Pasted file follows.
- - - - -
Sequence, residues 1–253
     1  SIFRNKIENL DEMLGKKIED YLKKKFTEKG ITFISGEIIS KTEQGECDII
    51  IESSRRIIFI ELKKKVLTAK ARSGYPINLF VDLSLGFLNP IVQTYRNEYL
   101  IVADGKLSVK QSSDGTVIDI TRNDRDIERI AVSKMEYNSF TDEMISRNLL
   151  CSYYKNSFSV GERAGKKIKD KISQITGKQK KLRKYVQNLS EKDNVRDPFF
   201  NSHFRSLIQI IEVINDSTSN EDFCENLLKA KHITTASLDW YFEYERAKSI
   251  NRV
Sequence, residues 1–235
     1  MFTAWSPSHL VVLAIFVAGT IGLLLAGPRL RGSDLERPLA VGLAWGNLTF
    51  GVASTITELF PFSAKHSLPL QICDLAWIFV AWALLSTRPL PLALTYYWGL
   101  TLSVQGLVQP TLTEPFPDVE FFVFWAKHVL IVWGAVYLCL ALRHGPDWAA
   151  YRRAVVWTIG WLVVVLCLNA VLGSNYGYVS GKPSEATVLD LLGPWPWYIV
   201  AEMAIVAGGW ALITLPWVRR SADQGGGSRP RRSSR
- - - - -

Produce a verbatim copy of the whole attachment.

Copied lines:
Sequence, residues 1–253
     1  SIFRNKIENL DEMLGKKIED YLKKKFTEKG ITFISGEIIS KTEQGECDII
    51  IESSRRIIFI ELKKKVLTAK ARSGYPINLF VDLSLGFLNP IVQTYRNEYL
   101  IVADGKLSVK QSSDGTVIDI TRNDRDIERI AVSKMEYNSF TDEMISRNLL
   151  CSYYKNSFSV GERAGKKIKD KISQITGKQK KLRKYVQNLS EKDNVRDPFF
   201  NSHFRSLIQI IEVINDSTSN EDFCENLLKA KHITTASLDW YFEYERAKSI
   251  NRV
Sequence, residues 1–235
     1  MFTAWSPSHL VVLAIFVAGT IGLLLAGPRL RGSDLERPLA VGLAWGNLTF
    51  GVASTITELF PFSAKHSLPL QICDLAWIFV AWALLSTRPL PLALTYYWGL
   101  TLSVQGLVQP TLTEPFPDVE FFVFWAKHVL IVWGAVYLCL ALRHGPDWAA
   151  YRRAVVWTIG WLVVVLCLNA VLGSNYGYVS GKPSEATVLD LLGPWPWYIV
   201  AEMAIVAGGW ALITLPWVRR SADQGGGSRP RRSSR